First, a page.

Sunday, March 31, 2013

Inside Taj Mahal: Seeing replica of Shah Jahan-Mumtaz Mahal's graves as entry to original 'mazaars' blocked: My journey to Agra, travelogue Part-4


Seeing the Taj Mahal in photographs or movies you can never imagine its grandeur until you see it in front of you. The mausoleum totally overwhelms the visitor with its imposing structure and majestic beauty.

After the first glimpse of Taj Mahal and the tips for travellers, the optical illusions, mysteries and secrets of the mausoleum and the unique facts about the tomb's pinnacle, this is the fourth part of the travelogue in which I'd focus on the the final resting place of Shahjehan and Mumtaz Mahal--their graves inside the Taj.

At the gate, there was a board on which it was written that photography is not allowed once we step inside the tomb. Till now, I had clicked enough photographs on the premises, platform and around this masterpiece of world heritage, marvelling its beauty and architecture.

In the central octagonal room, one could see the graves through the marble screen [jaali]. However, these are not real graves but decorative ones. Surprised. How can that be? As per Islamic tradition, the 'qabr' or grave has to be below the ground--buried in the earth below. [Arrey bhai, qabr zameen ke niche hi hoti hai.]

Naturally, the graves couldn't be up there at such a height. This is the reason that the original graves are at the lower chamber, the entry to which was stopped some years ago. The imitative graves are similar to the real sarcophagi located in the basement.

The dimensions are same but not the craftsmanship. Though there is lot of security but when you see people still writing their names and making graffiti on the milky marble--damaging the structure, without any concern for our national heritage, you feel that restrictions are necessary.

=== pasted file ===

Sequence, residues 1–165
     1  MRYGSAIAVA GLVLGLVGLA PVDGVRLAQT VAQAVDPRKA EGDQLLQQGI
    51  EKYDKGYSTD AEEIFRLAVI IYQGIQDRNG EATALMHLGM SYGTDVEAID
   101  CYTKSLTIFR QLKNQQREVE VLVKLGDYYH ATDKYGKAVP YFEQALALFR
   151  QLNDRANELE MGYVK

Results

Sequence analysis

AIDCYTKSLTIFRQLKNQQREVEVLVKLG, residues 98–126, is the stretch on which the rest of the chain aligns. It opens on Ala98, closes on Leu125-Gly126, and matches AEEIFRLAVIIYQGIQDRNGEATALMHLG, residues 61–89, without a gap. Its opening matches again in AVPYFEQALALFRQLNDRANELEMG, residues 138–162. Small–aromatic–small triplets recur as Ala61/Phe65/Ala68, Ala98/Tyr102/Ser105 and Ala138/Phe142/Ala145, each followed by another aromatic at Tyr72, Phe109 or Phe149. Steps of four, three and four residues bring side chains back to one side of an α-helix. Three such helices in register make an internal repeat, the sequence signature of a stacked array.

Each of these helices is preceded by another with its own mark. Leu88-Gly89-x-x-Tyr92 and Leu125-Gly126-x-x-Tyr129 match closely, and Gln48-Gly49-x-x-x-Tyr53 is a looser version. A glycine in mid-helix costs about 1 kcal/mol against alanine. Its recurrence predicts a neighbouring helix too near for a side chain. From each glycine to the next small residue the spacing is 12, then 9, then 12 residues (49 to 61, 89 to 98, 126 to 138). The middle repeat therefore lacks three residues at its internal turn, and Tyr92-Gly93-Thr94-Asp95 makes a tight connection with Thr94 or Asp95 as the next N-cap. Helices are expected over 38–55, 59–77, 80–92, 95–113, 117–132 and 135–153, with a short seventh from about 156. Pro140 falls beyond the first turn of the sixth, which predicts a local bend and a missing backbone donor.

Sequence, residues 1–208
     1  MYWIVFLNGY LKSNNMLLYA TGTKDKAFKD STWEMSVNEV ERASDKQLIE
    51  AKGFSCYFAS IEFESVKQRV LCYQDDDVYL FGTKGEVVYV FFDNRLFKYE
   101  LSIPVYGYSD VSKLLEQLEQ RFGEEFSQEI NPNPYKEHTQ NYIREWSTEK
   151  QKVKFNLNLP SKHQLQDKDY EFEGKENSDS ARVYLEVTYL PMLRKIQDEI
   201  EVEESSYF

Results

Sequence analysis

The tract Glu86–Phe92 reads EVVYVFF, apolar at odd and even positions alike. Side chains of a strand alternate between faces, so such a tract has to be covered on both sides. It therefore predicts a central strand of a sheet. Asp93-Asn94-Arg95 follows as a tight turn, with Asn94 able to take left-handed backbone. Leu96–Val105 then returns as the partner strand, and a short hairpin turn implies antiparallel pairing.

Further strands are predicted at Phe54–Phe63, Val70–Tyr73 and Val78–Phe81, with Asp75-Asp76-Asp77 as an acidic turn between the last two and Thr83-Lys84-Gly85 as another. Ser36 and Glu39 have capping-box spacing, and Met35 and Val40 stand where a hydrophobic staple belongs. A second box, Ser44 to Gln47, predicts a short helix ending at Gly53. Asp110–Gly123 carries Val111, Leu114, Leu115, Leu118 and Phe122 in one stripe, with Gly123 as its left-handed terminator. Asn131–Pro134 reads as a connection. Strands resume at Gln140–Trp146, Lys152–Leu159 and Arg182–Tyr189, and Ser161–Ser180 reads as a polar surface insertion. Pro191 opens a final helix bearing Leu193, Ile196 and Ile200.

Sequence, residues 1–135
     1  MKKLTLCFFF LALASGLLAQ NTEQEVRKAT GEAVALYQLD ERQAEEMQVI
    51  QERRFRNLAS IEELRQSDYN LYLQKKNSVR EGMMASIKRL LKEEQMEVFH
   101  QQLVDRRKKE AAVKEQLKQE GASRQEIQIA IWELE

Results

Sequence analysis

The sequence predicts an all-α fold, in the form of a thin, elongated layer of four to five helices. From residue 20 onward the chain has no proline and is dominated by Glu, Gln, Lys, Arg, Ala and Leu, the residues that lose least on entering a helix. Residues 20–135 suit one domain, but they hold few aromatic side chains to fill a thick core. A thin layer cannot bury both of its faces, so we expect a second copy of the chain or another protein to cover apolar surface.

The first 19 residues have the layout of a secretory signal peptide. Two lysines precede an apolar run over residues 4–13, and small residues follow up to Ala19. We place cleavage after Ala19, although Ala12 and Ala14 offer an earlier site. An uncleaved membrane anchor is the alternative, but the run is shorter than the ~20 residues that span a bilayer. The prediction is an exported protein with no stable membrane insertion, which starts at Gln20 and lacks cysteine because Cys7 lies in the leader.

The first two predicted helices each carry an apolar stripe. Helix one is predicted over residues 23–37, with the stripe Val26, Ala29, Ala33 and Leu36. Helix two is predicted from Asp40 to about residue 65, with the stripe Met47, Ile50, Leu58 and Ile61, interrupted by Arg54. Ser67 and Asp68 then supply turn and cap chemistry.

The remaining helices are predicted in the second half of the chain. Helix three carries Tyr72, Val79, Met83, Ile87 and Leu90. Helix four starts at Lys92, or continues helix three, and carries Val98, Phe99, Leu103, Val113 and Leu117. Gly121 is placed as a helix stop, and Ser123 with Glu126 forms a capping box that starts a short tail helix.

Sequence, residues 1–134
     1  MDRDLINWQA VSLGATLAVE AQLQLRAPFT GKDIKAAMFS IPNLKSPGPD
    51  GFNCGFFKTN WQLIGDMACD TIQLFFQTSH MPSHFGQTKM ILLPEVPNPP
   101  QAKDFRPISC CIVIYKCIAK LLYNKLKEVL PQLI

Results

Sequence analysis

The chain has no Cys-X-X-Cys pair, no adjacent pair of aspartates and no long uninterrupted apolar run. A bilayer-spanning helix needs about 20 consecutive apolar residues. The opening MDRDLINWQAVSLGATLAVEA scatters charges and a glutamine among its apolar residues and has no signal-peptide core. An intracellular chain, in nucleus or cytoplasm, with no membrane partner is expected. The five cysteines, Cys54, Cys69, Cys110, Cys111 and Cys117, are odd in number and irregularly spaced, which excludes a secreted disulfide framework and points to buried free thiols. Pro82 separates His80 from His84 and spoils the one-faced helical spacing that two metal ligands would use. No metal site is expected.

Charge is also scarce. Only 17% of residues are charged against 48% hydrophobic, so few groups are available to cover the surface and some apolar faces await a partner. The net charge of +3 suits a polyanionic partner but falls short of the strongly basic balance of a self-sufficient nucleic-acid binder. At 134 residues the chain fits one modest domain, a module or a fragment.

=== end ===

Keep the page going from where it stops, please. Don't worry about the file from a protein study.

At the Humanyun's Tomb [Humayun was Shahjehan's ancestor, great grandfather to be precise] in Delhi, which was built long before Taj Mahal, there is similar arrangement at the sarcophagus--decorative grave at ground floor, real grave in lower storey [underground chamber].

Due to these cenotaphs in the middle of the upper chamber, those walking around won't have their feet over the real graves. So there is no disrespect to the graves that are directly below this chamber. In the upper chamber, where visitors are allowed, you see light filtering out through screens and glasses.

The final resting place of Shah Jahan and Mumtaz Mahal
Shah Jehan was later buried here and hence his grave is situated a bit towards the left.

As usual, the graves of male and female can be distinguished when you see the top of the 'qabr'. Shah Jehan's has a 'qalamdan' [pencase or quill box] on  it.

In Archaeological Survey of India's (ASI) book on Taj Mahal, the royal sarcophagi is mentioned in these words:

"...The arches of this central octagonal hall amidst which lies the exquisite eight side marble network, are made of the finest marble. In fact, so chaste that when the rays of light scooping through the double perforated marble screens fall on it, a sort of miracle occurs, because it seems that this marble has been thinly coated with sang-i-tila or gold stone, the precious particles of which have been set in its smooth texture", writes Dr WH Siddiqui, the former Director of ASI.

"The front of arches apart from masterly calligraphy comprising quotations from Holy Quran are embellished with the most gorgeous ornamentation in the form of plants, bouquets, buds opening and closing, blossoms partly blown or in full bloom, and leaves bent by the breeze. They are so natural and true to life that unless observed closely it is difficult to discern that they are composed of pieces of precious stones so firmly and elegantly embedded in the marble".

"It is amazing but true that an ornamented marble panel depicting a bouquet of flowers contains several hundred pieces to form the mosaic work, and in a single flower there may be as many as fifty pieces of valuable stones of bright and natural colours, what is more, these pieces are closely and accurately embedded that it is impossible to pass a needle in the parting", the book further says.

The real graves in the lower chamber of the tomb
There is a lot to see once you are inside the tomb but you should have the eye to note the intricate details.

Always remember that when you get inside such structures, have a look at the ceiling, you must have the eye for details, the inquisitiveness of a traveller and must ask the guide about the artwork.

Surprisingly, here also the visitors were throwing coins--at the mazaars!